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Old 10-03-2009, 05:07 PM   #1
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Default Hard Cider from Pre-Made?

Hey There Brew Crew!

Ok so here goes...

I'm an experienced beer brewer in central New Jersey. I dropped by Battleview Orchards for their AMAZING Apple Cider Donut and got an Idea! Why not buy 2 gallons of their PRE-MADE cider (About $4.50 a Gallon) and ferment it? This cider has no preservatives and no added sugars so I should be good. http://www.battlevieworchards.com/

My intention is to drop the two gallons into my brewpot; pasturize @ approximately 130F for 20 minutes to kill any bacteria that may be lingering but not cause the pectins to activate.

Then I intend to put this into one of my 6 gallon fermenting buckets, take the OG, pitch coopers ale yeast and let the magic happen.

My fermenting area stays between 60 and 70F.

I intend to do single fermentation and check it in two weeks with the hydrometer to be sure fermentation is done and then prime and bottle the way I would with any of my beer batches.

ANYONE HAVE EXPERIENCE WITH THIS? Any Suggestions? Any Ideas? Please let me know if you have thoughts!

I will keep all you posted on how this turns out!

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Old 10-03-2009, 05:45 PM   #2
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If you are really worried about the pasteurization, add campden. Even if you don't set the pectins in the cider by heating, you will lose volatile flavors. But really, you would probably be fine just pitching a good starter and letting it go.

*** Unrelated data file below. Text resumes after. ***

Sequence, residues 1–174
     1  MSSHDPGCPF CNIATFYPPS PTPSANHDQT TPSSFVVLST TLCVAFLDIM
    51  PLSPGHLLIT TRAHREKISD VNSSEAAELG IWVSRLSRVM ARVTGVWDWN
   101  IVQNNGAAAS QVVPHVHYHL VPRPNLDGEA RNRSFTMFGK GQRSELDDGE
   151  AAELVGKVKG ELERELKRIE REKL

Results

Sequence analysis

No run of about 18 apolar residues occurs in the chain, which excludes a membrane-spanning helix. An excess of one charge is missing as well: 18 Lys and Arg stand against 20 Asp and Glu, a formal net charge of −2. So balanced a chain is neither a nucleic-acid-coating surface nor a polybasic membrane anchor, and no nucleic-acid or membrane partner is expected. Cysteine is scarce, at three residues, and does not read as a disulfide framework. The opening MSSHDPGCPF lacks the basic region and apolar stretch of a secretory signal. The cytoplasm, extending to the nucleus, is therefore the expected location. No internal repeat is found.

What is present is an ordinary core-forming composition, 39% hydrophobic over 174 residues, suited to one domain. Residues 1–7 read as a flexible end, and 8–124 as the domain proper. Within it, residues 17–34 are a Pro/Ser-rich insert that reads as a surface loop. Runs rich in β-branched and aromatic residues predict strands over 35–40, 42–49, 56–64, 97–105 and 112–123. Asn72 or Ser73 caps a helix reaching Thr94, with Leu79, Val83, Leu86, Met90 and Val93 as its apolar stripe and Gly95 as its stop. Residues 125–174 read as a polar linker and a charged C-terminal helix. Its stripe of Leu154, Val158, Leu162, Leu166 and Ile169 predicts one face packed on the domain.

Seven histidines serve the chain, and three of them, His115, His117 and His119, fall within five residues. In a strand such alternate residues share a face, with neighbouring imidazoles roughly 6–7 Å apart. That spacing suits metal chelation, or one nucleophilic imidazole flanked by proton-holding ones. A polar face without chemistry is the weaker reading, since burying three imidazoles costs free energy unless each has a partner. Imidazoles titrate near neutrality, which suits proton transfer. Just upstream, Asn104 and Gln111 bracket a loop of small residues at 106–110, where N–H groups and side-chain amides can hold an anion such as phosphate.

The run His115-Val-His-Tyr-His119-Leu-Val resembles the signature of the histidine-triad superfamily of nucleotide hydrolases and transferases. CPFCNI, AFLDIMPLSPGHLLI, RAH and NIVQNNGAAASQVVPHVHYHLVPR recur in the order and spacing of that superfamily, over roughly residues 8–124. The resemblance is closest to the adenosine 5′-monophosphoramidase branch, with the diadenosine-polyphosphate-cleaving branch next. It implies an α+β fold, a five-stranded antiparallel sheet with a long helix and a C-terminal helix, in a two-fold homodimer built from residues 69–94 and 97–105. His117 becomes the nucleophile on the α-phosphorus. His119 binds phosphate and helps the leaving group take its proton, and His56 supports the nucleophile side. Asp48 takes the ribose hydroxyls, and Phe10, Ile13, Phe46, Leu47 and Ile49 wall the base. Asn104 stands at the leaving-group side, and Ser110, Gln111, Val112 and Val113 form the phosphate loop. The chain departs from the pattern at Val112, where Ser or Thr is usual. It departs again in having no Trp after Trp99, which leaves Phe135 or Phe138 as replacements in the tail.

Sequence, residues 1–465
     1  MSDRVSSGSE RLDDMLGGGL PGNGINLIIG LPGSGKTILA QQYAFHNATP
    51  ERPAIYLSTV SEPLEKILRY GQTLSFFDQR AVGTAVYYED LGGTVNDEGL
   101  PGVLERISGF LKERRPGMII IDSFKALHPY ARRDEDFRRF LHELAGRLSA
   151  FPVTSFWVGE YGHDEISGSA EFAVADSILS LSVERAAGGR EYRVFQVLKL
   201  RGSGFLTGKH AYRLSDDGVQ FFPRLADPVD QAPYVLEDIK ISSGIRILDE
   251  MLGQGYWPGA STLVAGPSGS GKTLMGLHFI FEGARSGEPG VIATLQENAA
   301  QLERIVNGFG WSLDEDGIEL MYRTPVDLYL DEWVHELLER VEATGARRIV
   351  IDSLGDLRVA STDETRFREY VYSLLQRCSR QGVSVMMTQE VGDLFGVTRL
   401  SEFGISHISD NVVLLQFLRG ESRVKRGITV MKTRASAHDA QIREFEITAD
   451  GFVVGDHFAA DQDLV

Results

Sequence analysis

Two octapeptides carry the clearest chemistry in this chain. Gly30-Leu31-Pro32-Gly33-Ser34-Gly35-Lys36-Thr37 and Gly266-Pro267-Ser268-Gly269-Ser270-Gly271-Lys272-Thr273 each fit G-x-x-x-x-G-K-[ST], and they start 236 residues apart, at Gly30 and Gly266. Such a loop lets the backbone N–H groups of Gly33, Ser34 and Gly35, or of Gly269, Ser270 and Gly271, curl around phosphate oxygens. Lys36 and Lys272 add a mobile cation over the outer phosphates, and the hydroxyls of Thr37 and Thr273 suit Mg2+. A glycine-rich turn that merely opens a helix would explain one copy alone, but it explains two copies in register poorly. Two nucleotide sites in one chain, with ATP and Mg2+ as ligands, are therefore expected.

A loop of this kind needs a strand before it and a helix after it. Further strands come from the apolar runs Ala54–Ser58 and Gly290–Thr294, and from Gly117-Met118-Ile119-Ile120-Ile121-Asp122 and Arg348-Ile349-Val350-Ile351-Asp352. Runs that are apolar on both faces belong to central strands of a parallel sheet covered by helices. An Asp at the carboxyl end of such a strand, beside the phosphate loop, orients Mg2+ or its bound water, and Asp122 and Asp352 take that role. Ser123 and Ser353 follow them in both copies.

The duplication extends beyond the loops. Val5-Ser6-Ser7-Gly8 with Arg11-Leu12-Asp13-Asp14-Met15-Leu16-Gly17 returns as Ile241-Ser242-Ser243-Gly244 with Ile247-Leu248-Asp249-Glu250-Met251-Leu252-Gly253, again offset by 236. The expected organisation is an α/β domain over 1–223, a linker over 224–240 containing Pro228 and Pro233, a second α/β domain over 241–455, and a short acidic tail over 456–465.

Also, let it age longer (Several months) before bottling.

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Old 10-03-2009, 06:46 PM   #3
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I agree. I wouldn't heat it. It will change the flavor

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Old 10-03-2009, 06:51 PM   #4
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A lot of people do this, so yes, it will work. The juice is normally already blended from a selection of apples from the orchard, so you don't have to worry about mixing...unless you don't like what the've done The biggest reason people do this, is because they can't crush the apples on their own.

Boiling your cider is ok, and because you're a brewer you should have a pot large enough to do it. I would advise 5.5-6.0 gallons though. In my experience using pressed apples over apple juice, is that you get a lot more sediment when you're done fermenting because the apple particles sink and bind to the lees, and also form a ring on top, around the fermenting bucket. Granted, it's not half a gallon's worth but when making cider...you just have to drink some now and then. When using cider pressed from an orchard, I would also recommend using a secondary.

Boiling is definitely harder than adding campden though.

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Old 11-02-2009, 05:00 PM   #5
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Default Update and Question

Thank you to anyone who posted help!

I am now 3 weeks into the process.
I placed 5.5 gallons of Battleview cider into a fermenter with the appropriate amounts of Campden (Used powdered Version) and a yeast invigorator recommended at my LHBS Corrado's in Clifton NJ. I pitched the yeast starter (Dry Champagne Yeast - recommended at LHBS) @ 60 deg. F on 10/10/09.

On 10/24/09 I transferred to the secondary (NOTICIBLY LIGHTER COLOR!!)

I have been fermenting around 70 deg. F

How long would you all recommend Fermenting before bottling?

Also, would one use the same measurements of priming sugar that I would use for beer?

CHEERS!

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